Kenneth Tigar

Hunters (2020) s01e01 – In the Belly of the Whale

“Hunters” fully realizes the potential of a popular entertainment revenge action-drama. There’s the Marathon Man-esque scene—not a Nazi dentist scene but a Nazi toy shop owner (a perfect Kenneth Tigar; “Hunters” seems like it’s going to be way too good at casting its Nazis)—but it ends with the good guys killing the evil Nazi bastard. They’re not action hero good guys, they’re not old man action heroes or soulful action heroes.

One of them is Al Pacino, who’s decidedly not a soulful old man action hero, rather a well-fed, lovable, cuddly old man Pacino. And the other is Logan Lerman, who’s almost thirty playing a late teen who looks ever fourteen. He’s a smart, likable, empathetic, bullied, young Jewish man in 1977 Brooklyn.

Lerman, the show lead, is so smart he’s already helped the police solve a case thanks to his passively analytical mind. The likability and empathy has come through in his post-Star Wars screening dissection of Darth Vader’s childhood brainwashing (better idea than reality)–show creator and episode writer David Weil owes a whole bunch to Kevin Smith and Clerks for this kind of onscreen Star Wars dissection (whereas the show owes its whole production aesthetic to Spike Lee’s Summer of Sam).

Lerman’s scene right after he and his friends talking about Star Wars is the girl across the street (Ebony Obsidian) who he’s crushed on forever helping him set up a pot sale only for the buyer, her boyfriend, to kick Lerman’s ass for being Jewish. This attack comes after the opening which has political fixer Dylan Baker being outed as a Nazi and killing his family in suburban Washington D.C.

“Hunters” is a lot and knows it.

Meanwhile, Black female in 1977 FBI agent Jerrika Hinton is off in Florida investigating in a case and finding out her government doesn’t just not want her—a Black woman FBI agent—around even though they hired her around, they’re also covering up a bunch of Nazis in the United States, working for its government.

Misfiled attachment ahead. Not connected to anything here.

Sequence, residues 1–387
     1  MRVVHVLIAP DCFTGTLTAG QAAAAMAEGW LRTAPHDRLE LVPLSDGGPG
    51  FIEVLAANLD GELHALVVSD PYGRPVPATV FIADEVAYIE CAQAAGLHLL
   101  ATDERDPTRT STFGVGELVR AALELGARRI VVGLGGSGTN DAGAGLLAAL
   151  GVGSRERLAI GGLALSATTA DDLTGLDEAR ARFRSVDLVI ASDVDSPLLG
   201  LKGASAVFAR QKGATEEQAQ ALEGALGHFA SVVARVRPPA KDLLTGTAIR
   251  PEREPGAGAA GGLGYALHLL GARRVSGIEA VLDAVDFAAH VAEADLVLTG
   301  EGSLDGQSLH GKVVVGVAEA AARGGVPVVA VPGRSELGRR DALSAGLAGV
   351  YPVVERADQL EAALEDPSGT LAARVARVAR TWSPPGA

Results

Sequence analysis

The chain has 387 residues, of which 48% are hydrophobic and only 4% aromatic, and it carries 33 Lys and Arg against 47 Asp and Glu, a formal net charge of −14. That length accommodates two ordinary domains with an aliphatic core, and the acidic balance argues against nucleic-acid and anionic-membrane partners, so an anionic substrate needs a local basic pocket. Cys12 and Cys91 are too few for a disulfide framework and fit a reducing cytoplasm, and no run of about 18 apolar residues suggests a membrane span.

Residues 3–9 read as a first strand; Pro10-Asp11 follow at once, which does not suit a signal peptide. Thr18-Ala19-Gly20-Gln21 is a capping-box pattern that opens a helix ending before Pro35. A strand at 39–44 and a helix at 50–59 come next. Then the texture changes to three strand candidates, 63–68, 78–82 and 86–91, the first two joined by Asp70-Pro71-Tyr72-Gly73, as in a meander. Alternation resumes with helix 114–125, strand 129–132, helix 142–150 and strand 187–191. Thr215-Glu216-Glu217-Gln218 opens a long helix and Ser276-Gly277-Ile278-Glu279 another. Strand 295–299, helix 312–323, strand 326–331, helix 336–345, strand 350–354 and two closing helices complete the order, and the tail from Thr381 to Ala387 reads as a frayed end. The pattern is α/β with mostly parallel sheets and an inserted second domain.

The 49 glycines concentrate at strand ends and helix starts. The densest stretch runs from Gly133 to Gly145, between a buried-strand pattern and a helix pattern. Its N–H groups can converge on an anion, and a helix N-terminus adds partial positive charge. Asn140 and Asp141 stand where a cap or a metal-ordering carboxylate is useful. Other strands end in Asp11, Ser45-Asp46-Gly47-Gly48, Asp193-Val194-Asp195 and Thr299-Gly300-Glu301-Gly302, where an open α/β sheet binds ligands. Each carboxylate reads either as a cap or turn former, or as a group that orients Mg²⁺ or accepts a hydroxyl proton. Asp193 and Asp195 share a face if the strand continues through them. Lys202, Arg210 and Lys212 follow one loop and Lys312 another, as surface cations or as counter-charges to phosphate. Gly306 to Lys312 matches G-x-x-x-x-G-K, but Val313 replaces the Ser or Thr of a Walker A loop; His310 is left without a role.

The episode’s a nice, long, traditional 90-minute pilot. We get Lerman’s origin story with finding out grandma Jeannie Berlin (it’d be nice if she were better) and fellow concentration camp survivor Pacino are amateur septuagenarian Nazi hunters.

They have to do it themselves because the U.S. government doesn’t care (or worse) and because “Hunters” is seemingly going out of its way to mention Israel too much, which is fine… it’s mainstream, inclusive entertainment.

The main Nazis seem to be Dylan Baker—who’s perfect because it’s Dylan Baker and he was born to play a Nazi sleeper cell agent—Lena Olin as Ms. Big, and Greg Austin as the “born in the U.S.A.” Nazi hitman. Austin’s great. It’s too soon to tell with Olin but it’s also not like she’s going to have much to do.

Lerman’s a great lead—even if the episode spends an hour putting him in a holding pattern—Hinton’s good, Pacino’s borderline adorable, and the villains are loathsome. “Hunters” does everything it should do.

Phantasm II (1988, Don Coscarelli)

The first Phantasm wasn’t just an exercise in inventive low budget filmmaking, it dealt with the cultural fear of cemeteries. The second film has no such allusions. In fact, it’s just an example of bad low budget filmmaking. Clearly–and one can just google for more information–there were a lot of behind the scenes squabbles between director Coscarelli and Universal Pictures… but knowing the reasons for the problems doesn’t make them go away.

First and foremost is James Le Gros. He worked again after Phantasm II, which doesn’t seem possible. He adds a cartoony atmosphere to it–a way too buff (considering he’d just spent seven years in a mental institution) blond-haired emo kid. It’s such a terrible role–Coscarelli, regardless of studio interference, shares some of the blame as his writing for the character is atrocious–I’m using the term “emo” for the first time on The Stop Button.

I think.

But Coscarelli doesn’t only write bad stuff here–he writes lots of good stuff for Reggie Bannister, lots of funny material. The sex scene between Bannister and Samantha Phillips (who’s more annoyingly mediocre than bad) is absolutely hilarious, as she reveals she has a fetish for bald men–Bannister’s reaction is fantastic.

The ostensible female lead–Paula Irvine–is pretty much a lame eighties ingénue, but not bad.

And Coscarelli also turns Angus Scrimm’s previously nearly silent and very scary Tall Man into a talkative and lame eighties horror movie villain.

Some good effects–but otherwise disastrous.



Written and directed by Don Coscarelli; director of photography, Daryn Okada; edited by Peter Teschner; music by Fred Myrow and Christopher L. Stone; production designer, Philip Duffin; produced by Roberto A. Quezada; released by Universal Pictures.

Starring James Le Gros (Mike), Reggie Bannister (Reggie), Angus Scrimm (The Tall Man), Paula Irvine (Liz), Samantha Phillips (Alchemy), Kenneth Tigar (Father Meyers), Ruth C. Engel (Grandma), Mark Anthony Major (Mortician), Rubin Kushner (Grandpa) and Stacey Travis (Jeri).

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